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Open AccessCommunication
Vet. Sci. 2018, 5(1), 8; https://doi.org/10.3390/vetsci5010008

Biofilm-Forming Potential of Staphylococcus aureus Isolated from Bovine Mastitis in New Zealand

1
School of Veterinary Science, Massey University, Palmerston North 4410, New Zealand
2
Estendart Limited, Palmerston North 4440, New Zealand
3
Massey Institute of Food Science and Technology, Massey University, Palmerston North 4410, New Zealand
*
Author to whom correspondence should be addressed.
Received: 3 November 2017 / Revised: 21 December 2017 / Accepted: 17 January 2018 / Published: 19 January 2018
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Abstract

Biofilm formation is of growing concern in human and animal health. However, it is still unclear how biofilms are related to mastitis infections in dairy cattle. In this study, a comparison between two tests for biofilm formation and the association between biofilm and the presence of genes associated with biofilm formation were investigated for 92 Staphylococcus aureus isolates from intramammary infections. Congo red agar (CRA) and microtitre test assay (MTA) in vitro phenotypic tests were used to evaluate biofilm formation. The presence of icaA, icaD, and bap genes associated with biofilm formation was confirmed using the polymerase chain reaction. Results show that most of the S. aureus isolates, though not possessing one of the biofilm-forming genes, were able to produce biofilms. MTA was more frequently positive in identifying biofilm-forming isolates than CRA. View Full-Text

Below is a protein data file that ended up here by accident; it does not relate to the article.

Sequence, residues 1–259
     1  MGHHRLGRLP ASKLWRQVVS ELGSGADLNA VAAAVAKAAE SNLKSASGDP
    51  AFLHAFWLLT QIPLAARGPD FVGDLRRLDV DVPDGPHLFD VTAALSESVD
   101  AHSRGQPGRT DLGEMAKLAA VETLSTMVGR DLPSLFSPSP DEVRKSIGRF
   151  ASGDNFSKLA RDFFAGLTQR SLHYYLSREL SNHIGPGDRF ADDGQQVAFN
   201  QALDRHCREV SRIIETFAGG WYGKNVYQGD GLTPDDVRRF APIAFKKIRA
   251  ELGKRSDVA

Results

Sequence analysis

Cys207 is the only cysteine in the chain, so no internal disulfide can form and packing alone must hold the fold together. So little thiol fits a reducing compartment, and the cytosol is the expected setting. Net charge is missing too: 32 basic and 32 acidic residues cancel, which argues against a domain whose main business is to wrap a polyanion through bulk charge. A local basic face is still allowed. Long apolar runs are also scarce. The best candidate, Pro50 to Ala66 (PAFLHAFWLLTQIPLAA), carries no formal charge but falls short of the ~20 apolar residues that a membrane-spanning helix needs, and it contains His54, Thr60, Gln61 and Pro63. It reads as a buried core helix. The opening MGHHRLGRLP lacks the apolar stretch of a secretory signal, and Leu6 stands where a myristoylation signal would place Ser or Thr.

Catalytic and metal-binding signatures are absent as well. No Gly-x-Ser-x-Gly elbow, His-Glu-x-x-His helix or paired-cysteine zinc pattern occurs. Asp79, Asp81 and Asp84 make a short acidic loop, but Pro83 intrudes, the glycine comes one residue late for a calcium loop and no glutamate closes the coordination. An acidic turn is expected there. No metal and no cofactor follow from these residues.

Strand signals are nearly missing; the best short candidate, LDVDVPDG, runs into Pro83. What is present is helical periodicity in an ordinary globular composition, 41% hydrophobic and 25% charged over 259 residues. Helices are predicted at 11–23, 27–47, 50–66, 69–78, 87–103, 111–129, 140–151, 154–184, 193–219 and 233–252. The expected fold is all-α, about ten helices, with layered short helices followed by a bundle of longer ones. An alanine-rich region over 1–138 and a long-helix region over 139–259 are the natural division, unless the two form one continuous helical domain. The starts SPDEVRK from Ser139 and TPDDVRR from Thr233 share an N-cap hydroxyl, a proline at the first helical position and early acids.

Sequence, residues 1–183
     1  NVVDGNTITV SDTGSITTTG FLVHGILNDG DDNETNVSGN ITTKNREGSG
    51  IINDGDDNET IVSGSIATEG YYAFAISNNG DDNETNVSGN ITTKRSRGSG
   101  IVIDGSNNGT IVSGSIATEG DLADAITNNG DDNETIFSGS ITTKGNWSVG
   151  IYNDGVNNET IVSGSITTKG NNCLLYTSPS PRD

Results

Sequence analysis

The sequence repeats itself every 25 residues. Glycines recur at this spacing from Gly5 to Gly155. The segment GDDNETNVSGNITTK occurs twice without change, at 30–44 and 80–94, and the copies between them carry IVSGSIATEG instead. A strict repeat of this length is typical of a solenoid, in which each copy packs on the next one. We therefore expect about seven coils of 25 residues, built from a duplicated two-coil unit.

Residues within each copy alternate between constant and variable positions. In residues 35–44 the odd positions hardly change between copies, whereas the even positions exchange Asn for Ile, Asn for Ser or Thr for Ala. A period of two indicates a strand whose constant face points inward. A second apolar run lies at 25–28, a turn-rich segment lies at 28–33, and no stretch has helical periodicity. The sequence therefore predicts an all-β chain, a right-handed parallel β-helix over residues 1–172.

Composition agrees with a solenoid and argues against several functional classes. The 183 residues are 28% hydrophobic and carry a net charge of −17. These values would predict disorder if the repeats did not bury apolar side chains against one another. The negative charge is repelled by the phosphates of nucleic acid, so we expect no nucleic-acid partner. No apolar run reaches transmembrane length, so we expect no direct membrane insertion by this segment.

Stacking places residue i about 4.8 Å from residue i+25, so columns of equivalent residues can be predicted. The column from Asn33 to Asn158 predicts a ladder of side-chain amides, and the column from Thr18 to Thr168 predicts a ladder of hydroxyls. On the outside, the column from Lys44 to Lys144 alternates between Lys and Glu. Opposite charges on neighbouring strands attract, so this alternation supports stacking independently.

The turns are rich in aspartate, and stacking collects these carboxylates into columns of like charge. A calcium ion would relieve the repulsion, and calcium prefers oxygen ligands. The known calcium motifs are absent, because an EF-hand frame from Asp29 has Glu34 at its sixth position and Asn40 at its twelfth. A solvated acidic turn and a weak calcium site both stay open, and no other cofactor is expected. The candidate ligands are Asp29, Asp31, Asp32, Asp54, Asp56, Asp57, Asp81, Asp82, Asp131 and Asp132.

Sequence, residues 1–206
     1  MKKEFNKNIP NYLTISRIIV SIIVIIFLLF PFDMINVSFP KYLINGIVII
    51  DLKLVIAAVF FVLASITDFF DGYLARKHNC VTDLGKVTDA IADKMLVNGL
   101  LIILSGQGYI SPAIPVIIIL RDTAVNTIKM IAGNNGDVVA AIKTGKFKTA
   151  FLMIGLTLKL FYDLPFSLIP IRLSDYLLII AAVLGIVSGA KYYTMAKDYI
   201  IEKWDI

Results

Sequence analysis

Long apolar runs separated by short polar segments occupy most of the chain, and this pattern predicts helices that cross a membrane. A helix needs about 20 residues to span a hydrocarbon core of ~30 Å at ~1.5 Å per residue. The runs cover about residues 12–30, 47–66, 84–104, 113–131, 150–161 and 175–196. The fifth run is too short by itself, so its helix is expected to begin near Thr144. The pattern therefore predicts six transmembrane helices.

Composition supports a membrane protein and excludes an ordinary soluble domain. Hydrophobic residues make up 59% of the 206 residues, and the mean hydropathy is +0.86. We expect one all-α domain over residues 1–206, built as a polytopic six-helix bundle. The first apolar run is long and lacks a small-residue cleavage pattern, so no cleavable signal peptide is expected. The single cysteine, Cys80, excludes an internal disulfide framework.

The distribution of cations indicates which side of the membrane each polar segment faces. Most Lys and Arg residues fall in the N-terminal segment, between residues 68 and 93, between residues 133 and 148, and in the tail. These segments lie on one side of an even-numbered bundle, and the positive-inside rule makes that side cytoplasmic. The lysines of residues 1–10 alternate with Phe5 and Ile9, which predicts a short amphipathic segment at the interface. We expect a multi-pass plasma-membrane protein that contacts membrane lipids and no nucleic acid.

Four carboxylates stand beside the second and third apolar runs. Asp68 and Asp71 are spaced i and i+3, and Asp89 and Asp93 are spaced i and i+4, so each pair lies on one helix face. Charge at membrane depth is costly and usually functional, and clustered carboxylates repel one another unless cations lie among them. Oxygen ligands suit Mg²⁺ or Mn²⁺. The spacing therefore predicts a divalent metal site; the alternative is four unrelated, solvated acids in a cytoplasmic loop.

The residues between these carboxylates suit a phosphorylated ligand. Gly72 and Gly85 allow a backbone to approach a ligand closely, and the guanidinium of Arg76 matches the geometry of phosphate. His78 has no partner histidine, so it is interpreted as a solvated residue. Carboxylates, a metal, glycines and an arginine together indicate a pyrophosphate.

Keywords: biofilms; bovine mastitis; Staphylococcus aureus; IcaA; IcaD; bap biofilms; bovine mastitis; Staphylococcus aureus; IcaA; IcaD; bap
This is an open access article distributed under the Creative Commons Attribution License which permits unrestricted use, distribution, and reproduction in any medium, provided the original work is properly cited (CC BY 4.0).
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Notcovich, S.; DeNicolo, G.; Flint, S.H.; Williamson, N.B.; Gedye, K.; Grinberg, A.; Lopez-Villalobos, N. Biofilm-Forming Potential of Staphylococcus aureus Isolated from Bovine Mastitis in New Zealand. Vet. Sci. 2018, 5, 8.

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